The point of the discussion that I'm sure is playing out on blogs and on TV is not to "honor the memory" of those who died. Their survivors will not be spending the next several days hitting refresh on their RSS readers to follow the discussion, or watching cable news. If I strongly believe that implementing my position would save 32 more lives in another event, the time to argue for it is now, not later, and I think that can be done without disrespecting the dead.
Finally, that bit about "you may even be glad all those people were shot": that's another thing that's worse, not better, from naming no names, or sides of the issue. Maybe you've been watching cable news all day, and someone you've seen deserves it, but from out here, it's just a terrible accusation looking for a target.
If I were writing it again, I'd be more careful about unwinding his sarcasm, but, relevant to my statement
Their survivors will not be spending the next several days hitting refresh on their RSS readers to follow the discussion, or watching cable news.I should admit to finding this comment at The Volokh Conspiracy, from 7:32 that evening:
America's Cutest Puppies. Next: Animals Close Up with a Wide Angle Lens with Hats, as seen on South Park.
Mozart opera in English...and subtitled in English. If you have to subtitle it, doesn't that suggest that translating it into English failed to make it comprehensible? (OK, I admit that the intermittent spoken dialog works.)
Looks great in HD, though.
Destiny. Unless these people are lying. From Dan Radosh.
Why is Planet of the Apes running on the History Channel? (That link will expire at some point, but it's good for a couple of weeks, I think.)
...make Kosher-for-Passover Easter candy. I checked quickly and nobody seems to have cornered this market.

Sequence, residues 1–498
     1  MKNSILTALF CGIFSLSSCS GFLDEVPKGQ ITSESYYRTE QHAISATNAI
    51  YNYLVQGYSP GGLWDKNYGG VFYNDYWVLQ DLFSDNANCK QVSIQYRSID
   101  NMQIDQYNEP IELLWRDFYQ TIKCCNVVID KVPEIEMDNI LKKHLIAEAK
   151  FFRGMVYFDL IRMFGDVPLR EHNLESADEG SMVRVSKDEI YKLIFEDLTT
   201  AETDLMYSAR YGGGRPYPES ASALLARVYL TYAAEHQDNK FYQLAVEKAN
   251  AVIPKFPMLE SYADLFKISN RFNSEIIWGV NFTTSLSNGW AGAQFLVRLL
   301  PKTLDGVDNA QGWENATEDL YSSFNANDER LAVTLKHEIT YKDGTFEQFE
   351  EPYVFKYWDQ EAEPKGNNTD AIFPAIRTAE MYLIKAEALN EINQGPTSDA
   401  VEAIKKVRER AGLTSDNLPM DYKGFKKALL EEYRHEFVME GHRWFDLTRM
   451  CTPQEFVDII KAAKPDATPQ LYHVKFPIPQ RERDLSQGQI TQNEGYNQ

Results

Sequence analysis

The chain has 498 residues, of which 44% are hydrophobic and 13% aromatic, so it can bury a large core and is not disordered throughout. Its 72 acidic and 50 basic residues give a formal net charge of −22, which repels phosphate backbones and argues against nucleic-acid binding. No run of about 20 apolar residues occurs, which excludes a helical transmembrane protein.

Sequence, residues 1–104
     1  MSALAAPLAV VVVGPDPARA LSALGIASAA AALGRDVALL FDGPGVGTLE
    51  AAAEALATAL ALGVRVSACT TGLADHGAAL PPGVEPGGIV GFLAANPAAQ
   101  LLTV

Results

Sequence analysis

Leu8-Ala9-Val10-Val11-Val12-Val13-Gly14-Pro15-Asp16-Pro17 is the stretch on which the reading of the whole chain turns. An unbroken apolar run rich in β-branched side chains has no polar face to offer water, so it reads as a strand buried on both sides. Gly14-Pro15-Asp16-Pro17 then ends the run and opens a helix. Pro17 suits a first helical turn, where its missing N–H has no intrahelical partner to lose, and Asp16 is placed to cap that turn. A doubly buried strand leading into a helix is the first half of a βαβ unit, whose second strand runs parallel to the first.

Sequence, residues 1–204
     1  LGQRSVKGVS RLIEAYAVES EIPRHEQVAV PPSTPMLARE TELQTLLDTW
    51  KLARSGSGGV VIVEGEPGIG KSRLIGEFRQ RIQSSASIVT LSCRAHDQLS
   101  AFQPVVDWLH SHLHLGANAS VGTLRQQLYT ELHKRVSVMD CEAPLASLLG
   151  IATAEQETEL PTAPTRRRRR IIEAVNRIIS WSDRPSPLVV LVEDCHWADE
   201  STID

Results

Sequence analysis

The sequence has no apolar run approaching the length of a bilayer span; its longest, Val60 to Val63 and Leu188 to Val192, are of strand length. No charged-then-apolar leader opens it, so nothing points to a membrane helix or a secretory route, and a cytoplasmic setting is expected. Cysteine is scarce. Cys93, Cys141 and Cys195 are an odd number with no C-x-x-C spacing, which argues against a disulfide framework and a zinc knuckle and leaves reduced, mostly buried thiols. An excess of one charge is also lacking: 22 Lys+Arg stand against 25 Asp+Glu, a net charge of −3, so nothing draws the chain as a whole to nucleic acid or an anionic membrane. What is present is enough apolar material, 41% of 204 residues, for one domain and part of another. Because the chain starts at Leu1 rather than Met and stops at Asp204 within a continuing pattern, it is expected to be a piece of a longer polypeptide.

Everything's Hofstadter-y once you remember how to think that way. For instance: On Sunday's Meet the Press, Orrin Hatch said this about fired US Attorney Carol Lam:
She was a former law professor, no prosecutorial experience, and the former campaign manager in Southern California for Clinton...In Josh Marshall's words,
Lam has never been a law professor, was an Assistant US Attorney for 14+ years and, of course, was never a campaign manager for Bill Clinton. Except for that, well...Hatch's...retraction?
My comments about Carol Lam's record as a U.S. Attorney were accurate, but I misspoke when making the point of discussing politically connected U.S. Attorneys. I accidentally used her name, instead of her predecessor, Alan Bersin, who was appointed by President Bill Clinton.So here's the question: you and I may say that Hatch was wrong, but might it not be fairer to say that he was just right, but about something else?
But this has potential:
My comments about Carol Lam's record as a U.S. President were accurate, but I misspoke when making the point of discussing Presidents who were never actually President. I accidentally used her name, instead of Benjamin Franklin.